The Greensands Way starts in Haslemere, an historic market town – where parking is a bit tricky! We did our research beforehand and left our car at the recreation ground to the south of the town.
The “mere” element of the name is thought to refer to a lake that used to exist on the west side of the High Street (but which had been removed in the latter part of the 19th century). The “hasle” element may refer to the hazel tree or to the Heysulle family from Chiddingfold, who are known to have owned land in the area until the 14th century.
We started by walking down into the town, and made our way to the town hall – which feels like it is now located on a traffic island in the High Street! There are lots of plaques on it commemorating historical events and people, but we couldn’t spot a plaque for the beginning of the Greensands Way, so we continued North down the High Street. Where the path turns off the main road we managed to find a plaque to take our ‘start’ photo of:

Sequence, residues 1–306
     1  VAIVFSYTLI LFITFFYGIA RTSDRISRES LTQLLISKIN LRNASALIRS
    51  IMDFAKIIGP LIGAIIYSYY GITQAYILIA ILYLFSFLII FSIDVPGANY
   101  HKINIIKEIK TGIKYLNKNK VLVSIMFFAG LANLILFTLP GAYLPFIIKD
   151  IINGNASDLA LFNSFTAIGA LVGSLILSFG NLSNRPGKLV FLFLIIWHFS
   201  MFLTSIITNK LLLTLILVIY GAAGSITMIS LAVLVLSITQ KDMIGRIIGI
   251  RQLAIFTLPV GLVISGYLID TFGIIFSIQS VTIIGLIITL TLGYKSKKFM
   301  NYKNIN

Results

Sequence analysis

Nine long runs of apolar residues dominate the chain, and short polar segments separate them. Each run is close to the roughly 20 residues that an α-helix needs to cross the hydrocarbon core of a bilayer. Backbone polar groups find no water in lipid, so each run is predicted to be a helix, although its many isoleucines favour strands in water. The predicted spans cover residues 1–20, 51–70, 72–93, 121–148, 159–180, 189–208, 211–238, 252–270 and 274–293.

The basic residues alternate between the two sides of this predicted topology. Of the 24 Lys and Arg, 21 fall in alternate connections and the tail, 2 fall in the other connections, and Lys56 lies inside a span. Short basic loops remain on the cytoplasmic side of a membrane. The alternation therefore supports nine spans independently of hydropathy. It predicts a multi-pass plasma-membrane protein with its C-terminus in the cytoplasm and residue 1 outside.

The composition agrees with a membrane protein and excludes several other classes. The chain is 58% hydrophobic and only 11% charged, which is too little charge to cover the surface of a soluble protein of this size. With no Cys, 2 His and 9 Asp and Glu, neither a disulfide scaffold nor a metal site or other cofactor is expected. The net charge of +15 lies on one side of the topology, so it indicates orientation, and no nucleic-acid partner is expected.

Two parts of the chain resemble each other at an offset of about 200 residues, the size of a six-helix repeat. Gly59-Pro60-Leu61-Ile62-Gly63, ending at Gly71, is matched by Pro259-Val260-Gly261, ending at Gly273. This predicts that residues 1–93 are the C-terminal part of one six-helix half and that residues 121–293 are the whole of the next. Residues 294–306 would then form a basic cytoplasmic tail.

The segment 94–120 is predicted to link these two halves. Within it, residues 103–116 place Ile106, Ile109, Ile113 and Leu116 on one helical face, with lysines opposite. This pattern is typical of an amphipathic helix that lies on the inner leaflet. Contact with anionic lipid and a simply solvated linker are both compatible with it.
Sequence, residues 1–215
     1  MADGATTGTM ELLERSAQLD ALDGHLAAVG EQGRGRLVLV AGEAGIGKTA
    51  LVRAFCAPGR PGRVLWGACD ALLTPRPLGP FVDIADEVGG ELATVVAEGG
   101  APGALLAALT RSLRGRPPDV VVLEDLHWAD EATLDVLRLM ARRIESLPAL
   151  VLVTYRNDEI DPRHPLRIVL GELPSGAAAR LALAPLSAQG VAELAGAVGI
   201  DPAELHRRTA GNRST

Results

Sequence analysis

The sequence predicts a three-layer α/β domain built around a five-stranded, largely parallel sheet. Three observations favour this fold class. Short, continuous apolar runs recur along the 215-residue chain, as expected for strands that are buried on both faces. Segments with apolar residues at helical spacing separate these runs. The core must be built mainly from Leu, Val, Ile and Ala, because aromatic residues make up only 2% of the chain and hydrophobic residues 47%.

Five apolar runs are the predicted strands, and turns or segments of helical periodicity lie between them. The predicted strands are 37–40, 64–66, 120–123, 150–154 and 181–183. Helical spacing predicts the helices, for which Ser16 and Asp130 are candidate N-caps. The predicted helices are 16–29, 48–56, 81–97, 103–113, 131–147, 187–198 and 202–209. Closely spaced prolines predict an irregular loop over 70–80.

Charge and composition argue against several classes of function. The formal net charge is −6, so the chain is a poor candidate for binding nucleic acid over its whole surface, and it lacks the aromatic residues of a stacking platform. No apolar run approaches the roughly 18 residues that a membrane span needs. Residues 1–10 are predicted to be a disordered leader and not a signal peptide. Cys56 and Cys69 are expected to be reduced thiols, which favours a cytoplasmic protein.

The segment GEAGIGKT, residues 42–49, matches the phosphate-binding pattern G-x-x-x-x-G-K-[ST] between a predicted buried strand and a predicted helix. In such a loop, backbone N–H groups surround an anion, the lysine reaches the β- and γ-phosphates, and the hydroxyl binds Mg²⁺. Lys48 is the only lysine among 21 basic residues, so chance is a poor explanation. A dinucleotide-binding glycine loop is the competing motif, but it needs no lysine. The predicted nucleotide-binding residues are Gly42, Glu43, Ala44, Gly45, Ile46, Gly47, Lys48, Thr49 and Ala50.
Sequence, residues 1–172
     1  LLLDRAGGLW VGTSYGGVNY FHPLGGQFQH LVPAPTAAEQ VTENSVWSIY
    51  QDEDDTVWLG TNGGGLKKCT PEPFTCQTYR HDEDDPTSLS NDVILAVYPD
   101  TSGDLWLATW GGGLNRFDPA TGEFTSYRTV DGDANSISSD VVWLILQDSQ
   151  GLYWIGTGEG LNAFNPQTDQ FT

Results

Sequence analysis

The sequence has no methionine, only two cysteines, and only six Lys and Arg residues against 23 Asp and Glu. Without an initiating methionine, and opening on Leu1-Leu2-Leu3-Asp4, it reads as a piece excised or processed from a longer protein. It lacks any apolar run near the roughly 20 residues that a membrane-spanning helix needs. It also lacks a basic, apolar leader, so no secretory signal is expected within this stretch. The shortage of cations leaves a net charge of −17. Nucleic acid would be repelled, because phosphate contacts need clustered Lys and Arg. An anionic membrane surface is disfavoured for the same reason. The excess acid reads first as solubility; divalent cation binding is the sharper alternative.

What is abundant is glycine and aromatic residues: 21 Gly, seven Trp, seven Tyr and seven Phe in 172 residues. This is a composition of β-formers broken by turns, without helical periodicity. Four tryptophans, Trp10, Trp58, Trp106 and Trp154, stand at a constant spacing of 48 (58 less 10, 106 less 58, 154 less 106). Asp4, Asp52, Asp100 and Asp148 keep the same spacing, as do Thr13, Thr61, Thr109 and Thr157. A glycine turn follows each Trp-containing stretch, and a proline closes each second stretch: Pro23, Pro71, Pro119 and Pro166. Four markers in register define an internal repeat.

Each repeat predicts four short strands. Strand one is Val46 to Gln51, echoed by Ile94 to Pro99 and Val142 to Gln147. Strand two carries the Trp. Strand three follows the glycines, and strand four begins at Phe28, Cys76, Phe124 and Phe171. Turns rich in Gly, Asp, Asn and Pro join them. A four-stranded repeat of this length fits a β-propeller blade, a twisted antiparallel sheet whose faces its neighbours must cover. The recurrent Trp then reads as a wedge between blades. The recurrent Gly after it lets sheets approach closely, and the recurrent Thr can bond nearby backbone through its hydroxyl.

Our walk was going very nicely until we came to Polecat Valley. We turned left too early and got ourselves a bit confused where we were, but still joined up with the same lane in the bottom of the valley. We hoped the variation to our route might help us spot King Kong … we did see some big trees, so potentially we did spot him from a distance.
We somehow went wrong again as we came out the valley and walked different path than we intended, but we saw another nice tree – a lone apple tree with lots of fruit. They tasted a bit tart!
It’s a good job that there were some good landmarks at the rim of the punchbowl, so we were able to work out where we were and find our way to the National Trust cafe for some lunch, which by this time was well deserved! We treated ourselves to cake. The slices were so generous we had to ask for doggy bags!
We were more careful with the map reading on the way back, and the route went along the sides of a valley, so that helped navigation. Where the path reached the lane at Coombswell Copse, we did find a giant redwood we could get up close to, but we’re not sure if that one has a name!
We then walked along country lanes back to Haslemere and retraced our route (with a couple of detours into some of the shops!) back to the car.
We planned our walk to be 6.5 miles – but being as we didn’t stick to the plan very well and walked a mile or so further!